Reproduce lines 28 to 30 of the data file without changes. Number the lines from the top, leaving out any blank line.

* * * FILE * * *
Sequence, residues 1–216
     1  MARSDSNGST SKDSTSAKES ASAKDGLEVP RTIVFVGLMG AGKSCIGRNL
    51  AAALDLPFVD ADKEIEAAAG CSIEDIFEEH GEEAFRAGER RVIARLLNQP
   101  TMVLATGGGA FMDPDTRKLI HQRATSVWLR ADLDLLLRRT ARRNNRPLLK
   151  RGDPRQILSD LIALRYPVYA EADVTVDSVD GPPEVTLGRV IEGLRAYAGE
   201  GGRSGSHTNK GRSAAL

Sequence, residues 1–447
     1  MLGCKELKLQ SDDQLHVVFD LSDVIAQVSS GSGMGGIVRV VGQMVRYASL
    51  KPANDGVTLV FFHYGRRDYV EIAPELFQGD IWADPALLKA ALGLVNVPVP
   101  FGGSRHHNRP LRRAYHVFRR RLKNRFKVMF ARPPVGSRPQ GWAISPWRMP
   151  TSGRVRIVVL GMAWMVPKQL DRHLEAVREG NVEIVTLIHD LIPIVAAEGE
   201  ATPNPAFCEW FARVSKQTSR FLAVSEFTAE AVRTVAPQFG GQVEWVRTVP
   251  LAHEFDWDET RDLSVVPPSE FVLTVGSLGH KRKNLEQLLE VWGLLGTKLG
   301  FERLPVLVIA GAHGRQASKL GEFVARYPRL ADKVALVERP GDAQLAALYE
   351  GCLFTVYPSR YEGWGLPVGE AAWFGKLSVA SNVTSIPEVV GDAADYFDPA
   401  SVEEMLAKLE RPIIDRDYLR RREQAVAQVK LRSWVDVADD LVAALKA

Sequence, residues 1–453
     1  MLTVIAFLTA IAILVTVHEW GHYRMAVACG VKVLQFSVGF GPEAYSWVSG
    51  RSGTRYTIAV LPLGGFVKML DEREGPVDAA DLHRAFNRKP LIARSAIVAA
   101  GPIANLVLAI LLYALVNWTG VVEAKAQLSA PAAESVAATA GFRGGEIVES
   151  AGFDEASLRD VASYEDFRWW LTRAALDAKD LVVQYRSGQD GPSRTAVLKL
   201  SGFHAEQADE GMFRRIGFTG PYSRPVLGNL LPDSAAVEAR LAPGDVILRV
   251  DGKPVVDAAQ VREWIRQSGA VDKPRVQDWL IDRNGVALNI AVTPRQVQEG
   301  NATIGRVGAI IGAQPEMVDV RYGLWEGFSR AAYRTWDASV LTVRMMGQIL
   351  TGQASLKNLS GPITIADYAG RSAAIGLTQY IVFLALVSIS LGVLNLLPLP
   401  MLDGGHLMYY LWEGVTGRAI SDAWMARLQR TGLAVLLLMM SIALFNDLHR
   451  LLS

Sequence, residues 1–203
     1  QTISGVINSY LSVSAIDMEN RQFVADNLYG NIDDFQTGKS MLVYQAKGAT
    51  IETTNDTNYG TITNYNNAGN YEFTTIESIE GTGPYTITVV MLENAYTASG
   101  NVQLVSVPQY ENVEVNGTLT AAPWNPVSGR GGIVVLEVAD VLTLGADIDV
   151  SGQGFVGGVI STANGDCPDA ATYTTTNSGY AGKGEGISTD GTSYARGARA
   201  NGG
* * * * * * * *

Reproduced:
Sequence, residues 1–203
     1  QTISGVINSY LSVSAIDMEN RQFVADNLYG NIDDFQTGKS MLVYQAKGAT
    51  IETTNDTNYG TITNYNNAGN YEFTTIESIE GTGPYTITVV MLENAYTASG